Such strategy is impossibility in chess. If it were possible, they'd had found it already.
What you are saying is that there exists strategy within which whatever opponent does, we still achieve a win. Its not so. Success of your strategy always depends on what opponent does.

What I'm saying is that even if you know ALL possible moves, you HAVE TO select only 1 to make at a time. Then opponent makes his move, either one that fits your strategy or some that cancels it out. You'll never have ability to FORCE opponent into making always moves that suits you. You'll only have ability to know beforehand all opponent moves that destroys your strategy. You can't escape that, because any move on board is undoable 'decision'. When you have decided to take 1 path of many to your win, you can't take another path at the same time. And any action on board has counteraction.

Best you could achieve with knowing ALL possible moves, is this: in given state of board you'll find 100 possible paths to a win. Any of the paths needs different move after 2 turns and only few unique moves this turn. You have to choose. You know that for every move you make there exists genuine countermove that would lead to win of opponent. But You HAVE to choose.

What is your choice? Giving up? Gambling? Taking one move and after opponent makes a move that you know could lead to his win, would you capitulate? Or, would you consider facing situation like that as already lost game? But then, the only situation in which you could play is when every single opponent move is forced. There is not enough convergence in chess to offer such case even in principle.

The situation I described is uncertainty. Chess is full of states that have such Uncertainty, it consists of them! Such Uncertainty blocks your 'vision' of ALL possible Outcomes. Knowing All possible moves shows you equal chances to win and loose from any state of the board where strategic balance exists. Its the players who make decisions to win or loose.

See, there is difference between knowing the path, and walking the path.

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Such strategy is impossibility in chess. If it were possible, they'd had found it already.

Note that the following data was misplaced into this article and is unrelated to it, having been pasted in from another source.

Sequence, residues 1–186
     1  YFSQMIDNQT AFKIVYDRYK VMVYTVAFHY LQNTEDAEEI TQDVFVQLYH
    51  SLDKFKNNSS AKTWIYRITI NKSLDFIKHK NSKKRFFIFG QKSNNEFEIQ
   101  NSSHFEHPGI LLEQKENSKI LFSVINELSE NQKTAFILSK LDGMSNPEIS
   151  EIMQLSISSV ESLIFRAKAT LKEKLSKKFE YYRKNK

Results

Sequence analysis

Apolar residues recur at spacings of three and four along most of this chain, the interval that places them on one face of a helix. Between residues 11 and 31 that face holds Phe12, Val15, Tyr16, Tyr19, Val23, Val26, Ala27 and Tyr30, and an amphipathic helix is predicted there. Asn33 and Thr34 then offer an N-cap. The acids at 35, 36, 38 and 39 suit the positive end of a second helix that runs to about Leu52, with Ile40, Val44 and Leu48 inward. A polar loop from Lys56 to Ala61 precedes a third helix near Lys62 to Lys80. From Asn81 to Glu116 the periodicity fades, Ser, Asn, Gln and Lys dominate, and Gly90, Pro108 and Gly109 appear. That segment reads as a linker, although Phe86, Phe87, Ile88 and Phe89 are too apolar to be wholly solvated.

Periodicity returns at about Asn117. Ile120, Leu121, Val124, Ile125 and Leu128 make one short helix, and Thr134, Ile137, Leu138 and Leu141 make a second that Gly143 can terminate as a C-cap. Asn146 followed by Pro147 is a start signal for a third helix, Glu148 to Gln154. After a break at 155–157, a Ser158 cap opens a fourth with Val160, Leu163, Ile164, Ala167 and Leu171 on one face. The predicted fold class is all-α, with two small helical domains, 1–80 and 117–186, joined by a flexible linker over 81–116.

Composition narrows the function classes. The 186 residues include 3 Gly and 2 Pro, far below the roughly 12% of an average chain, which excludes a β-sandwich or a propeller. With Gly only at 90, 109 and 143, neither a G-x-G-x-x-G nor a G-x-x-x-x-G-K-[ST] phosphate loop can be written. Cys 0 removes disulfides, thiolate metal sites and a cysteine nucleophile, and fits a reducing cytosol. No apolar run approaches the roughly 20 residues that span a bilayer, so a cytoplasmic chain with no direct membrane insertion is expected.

Chess has too many board positions to brute force. That's why I keep saying "In principle".

What you are saying is that there exists strategy within which whatever opponent does, we still achieve a win.

No I am not. I am saying there exists an optimal strategy. In chess, or any game with a finite number of states, this means that exactly one of the three situations is correct:

(1) There exists a strategy for white that guarantees a win, no matter what black does.

(2) There exists a strategy for black that guarantees a win, no matter what white does.

(3) There exist strategies for both white and black that guarantee you will not lose, no matter what your opponent does.

The rules of chess are fairly complex, to my knowledge nobody has proved which case is correct or eliminated a case. (But such analysis has been made for other interesting games; for instance there is a rigorous mathematical proof that there exists a strategy in go for the first player which guarantees the second player cannot win, and similarly, you can mathematically prove there is a strategy in hex for the first player which guarantees victory)

wimms
Originally posted by Hurkyl
No I am not. I am saying there exists an optimal strategy. In chess, or any game with a finite number of states, this means that exactly one of the three situations is correct:
I see. I was confusing optimal strategy to winning strategy. Interesting, all of the options include condition no matter what opponent does. I don't think this can be the case with chess. There, everything depends on what opponent does upto some point in game where one of your pointed situations is reached. Then players think about it, and agree on one of capulation or draw.

(1) There exists a strategy for white that guarantees a win, no matter what black does.
(2) There exists a strategy for black that guarantees a win, no matter what white does.
(3) There exist strategies for both white and black that guarantee you will not lose, no matter what your opponent does.
Chess game can take any of the above cases to be true. (1) Is the case of forced moves. There are states of board when black's moves can be fully forced. (2) is for case I showed above, when best strategy for white would be to skip the move but it can't and thus is forced to commit to one of his possible winning paths, and thus can be defeated. (3) is obviously also pretty usual in chess from states where win is not possible anymore.

So, for same game of finite states, there exists ANY of these options, depending on state of board. Not 'exactly one of'. For board in chess to reach any of above options needs previous moves. Thus fight in chess is not initially for a win, but for one of above options, strategic advantage. White wants to achive 1 without ever coming across 2. Black wants to force white into 2 without ever crossing 1. And option 3 is taken as goal in case all else goes too wrong.